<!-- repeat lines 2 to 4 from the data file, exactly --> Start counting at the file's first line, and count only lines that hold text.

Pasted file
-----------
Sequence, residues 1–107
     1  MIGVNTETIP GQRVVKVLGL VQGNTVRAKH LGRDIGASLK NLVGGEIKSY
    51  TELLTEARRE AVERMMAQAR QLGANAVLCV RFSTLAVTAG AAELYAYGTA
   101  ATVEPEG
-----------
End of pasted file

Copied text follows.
     1  MIGVNTETIP GQRVVKVLGL VQGNTVRAKH LGRDIGASLK NLVGGEIKSY
    51  TELLTEARRE AVERMMAQAR QLGANAVLCV RFSTLAVTAG AAELYAYGTA
   101  ATVEPEG